The Verdict: Fashion magazines
MiC reports on September issue pages and talks with experts at Mindshare and Media Experts about social tactics and low digital subscription rates.
Word on the street is that Vogue, the queen of US fashion mags is back in the groove of things. But how are the Canadian titles, Elle Canada, Fashion and Flare doing? As far as page numbers are concerned, business looks to be either flat or slightly on the upside versus last fall.
The September fashion bibles began trickling in last week with Transcontinental Media’s Elle Canada coming in with the most pages: a total 252 sheets, with 118 of advertising. This is a slight drop from last year’s issue which saw 135 pages of advertising in its 266 page book.
For St. Joseph Media’s Fashion magazine, total pages are also down (216 versus last year’s 228), as are ads (125 versus 131 pages).
And according to Rogers Media-owned Flare, total page numbers and ad pages are both up this year. Last September there were 206 total pages, this fall there are 240. Representatives at the title would not release the number of ad pages.
Overall, lower-than-usual readership numbers were recently seen from other Canadian titles according to ABC numbers from last week. Magazine circulation for the first half of the year dropped 5.9% compared to that of 2011. Single-copy sales are also down by 1.6% for the first six months of the year.
In a market where print is showing cyclical signs of decline, with some pointing to digital as a cause, it’s interesting to note the subscription numbers for the top digital replica editions were found to be a fraction of the print versions. The top Canadian digital title, Maclean’s has 8,326 didgital subscribers. But then again, according to AdWeek, the still emerging market for tablet magazines could just be going through some growing pains.
The article reports on how magazines should not withdraw from creating tablet platforms on the basis of there not being a guaranteed return. It’s not necessarily a misuse of time, rather a gain for the market as publications learn how to master the vehicle.
Michele Beaulieu, managing director, client leadership and operations, Mindshare Canada has a slightly different opinion, sharing with MiC that she believes “magazines [should] not innovate for the sake of innovation, but address their reader’s needs and wants.”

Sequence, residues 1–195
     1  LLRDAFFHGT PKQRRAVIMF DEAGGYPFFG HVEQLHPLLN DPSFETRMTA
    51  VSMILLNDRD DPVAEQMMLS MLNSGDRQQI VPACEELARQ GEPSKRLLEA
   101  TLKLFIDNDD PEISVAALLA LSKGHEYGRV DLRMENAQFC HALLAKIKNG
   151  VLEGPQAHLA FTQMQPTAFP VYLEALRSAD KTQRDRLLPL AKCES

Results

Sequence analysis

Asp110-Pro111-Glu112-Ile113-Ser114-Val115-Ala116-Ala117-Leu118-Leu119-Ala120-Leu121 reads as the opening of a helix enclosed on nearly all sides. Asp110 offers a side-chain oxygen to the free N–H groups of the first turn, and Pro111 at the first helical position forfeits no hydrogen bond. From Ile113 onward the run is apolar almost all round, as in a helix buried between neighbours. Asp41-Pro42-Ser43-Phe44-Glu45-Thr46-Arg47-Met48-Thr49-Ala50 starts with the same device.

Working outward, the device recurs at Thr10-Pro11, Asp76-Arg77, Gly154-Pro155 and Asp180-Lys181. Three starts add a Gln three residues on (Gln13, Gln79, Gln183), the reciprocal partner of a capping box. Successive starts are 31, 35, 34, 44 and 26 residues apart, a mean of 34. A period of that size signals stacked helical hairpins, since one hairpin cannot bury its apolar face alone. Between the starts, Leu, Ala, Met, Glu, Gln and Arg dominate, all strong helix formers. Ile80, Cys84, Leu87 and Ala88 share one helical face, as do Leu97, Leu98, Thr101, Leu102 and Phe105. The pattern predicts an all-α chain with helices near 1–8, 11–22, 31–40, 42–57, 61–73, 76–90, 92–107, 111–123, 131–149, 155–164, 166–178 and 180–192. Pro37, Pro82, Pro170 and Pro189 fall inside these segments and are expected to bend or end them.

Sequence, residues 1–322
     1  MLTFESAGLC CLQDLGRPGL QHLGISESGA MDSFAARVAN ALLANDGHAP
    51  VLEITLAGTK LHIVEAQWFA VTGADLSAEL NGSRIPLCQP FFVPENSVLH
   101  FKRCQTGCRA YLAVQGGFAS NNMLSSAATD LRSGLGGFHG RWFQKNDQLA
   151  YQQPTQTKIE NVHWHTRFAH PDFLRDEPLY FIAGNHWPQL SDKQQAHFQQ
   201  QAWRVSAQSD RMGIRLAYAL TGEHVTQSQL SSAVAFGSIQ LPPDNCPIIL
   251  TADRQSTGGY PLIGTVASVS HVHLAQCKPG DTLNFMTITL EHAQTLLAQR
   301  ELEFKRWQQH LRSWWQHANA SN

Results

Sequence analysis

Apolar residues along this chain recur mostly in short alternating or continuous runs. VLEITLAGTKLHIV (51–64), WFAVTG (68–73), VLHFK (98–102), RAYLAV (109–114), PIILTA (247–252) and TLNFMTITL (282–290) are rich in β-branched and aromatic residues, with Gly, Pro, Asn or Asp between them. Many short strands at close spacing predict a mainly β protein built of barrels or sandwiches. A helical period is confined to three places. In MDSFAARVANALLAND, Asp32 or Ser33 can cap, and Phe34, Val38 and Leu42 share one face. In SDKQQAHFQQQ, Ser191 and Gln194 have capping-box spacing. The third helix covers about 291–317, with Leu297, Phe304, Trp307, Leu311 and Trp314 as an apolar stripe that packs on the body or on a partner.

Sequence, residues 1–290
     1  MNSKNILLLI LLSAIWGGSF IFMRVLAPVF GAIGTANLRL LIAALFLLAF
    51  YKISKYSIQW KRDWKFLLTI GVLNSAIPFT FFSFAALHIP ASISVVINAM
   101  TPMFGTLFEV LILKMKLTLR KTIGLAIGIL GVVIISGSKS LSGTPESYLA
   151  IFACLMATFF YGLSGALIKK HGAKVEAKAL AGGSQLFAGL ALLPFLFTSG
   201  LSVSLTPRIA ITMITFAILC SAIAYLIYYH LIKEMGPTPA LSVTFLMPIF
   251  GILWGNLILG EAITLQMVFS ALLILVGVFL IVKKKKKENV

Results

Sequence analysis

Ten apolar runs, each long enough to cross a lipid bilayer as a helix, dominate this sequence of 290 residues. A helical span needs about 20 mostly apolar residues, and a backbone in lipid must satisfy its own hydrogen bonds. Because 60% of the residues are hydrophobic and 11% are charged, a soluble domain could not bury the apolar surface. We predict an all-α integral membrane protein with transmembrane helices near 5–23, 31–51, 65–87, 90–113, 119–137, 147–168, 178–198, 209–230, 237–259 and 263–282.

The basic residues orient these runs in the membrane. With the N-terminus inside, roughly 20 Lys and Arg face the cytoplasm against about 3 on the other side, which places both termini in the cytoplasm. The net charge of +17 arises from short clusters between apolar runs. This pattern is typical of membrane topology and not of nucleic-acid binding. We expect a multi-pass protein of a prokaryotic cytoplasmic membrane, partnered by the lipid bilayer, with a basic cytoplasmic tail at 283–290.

Beaulieu says that ease of use should be at the top of a publisher’s priority list, using Maclean’s and Canadian House and Home – which have the most digital subscriptions in the market according to the ABC report – as examples of titles that are doing digital well in Canada.
“I’m sure the numbers will grow larger than they are today, but I think there’s something to be said for having a magazine in your hand with content that an editor has curated for you,” she says. “In addition to the physical magazine, another barrier to digital subscriptions is the amount of free content that consumers are able to get online.”
Not only are fashion magazines up against parallel publications on the web, but also a host of competitor bloggers. That’s especially the case with shopping magazines, says Galia Zagury, account supervisor, Media Experts. “The value of a shopping magazine, like LouLou, lies in its power to persuade consumers to visit retail locations and make a purchase,” she says. “[This] has particular strength in regions outside the main markets, where young girls are really looking for advice and opinions they can use at their local malls.”
“That said, the strength is at risk of dwindling with the growing influence of bloggers around the world,” she notes, adding that a shopping mag’s saving grace is that the influencers typically don’t post about the product’s availability at local stores. This gives even more grounds for magazines to include e-commerce in their digital offerings.
She adds that it’s also up to the publication to brand itself as the Canadian fashion authority. “LouLou‘s Shop ‘Til You Drop program, modeled after Fashion’s Night Out in NYC, is a positive start, they just have to figure out how to bring it to the next level.”
Both media experts agree on the value of fashion editors using social media to become more accessible and more exposed to their readers. “Getting a tweet from a fashion editor, sitting next to the runway at the Alexander McQueen show and declaring oxblood to be the colour of the season, carries tremendous value to a fashion reader,” says Zagury.
As for how the Canadian fashion mags rank in terms of Twitter followers, Fashion sits at the top with 353,898 followers, Flare is second with 28,242 and Elle Canada is third with 19,830 as of the time this article was published.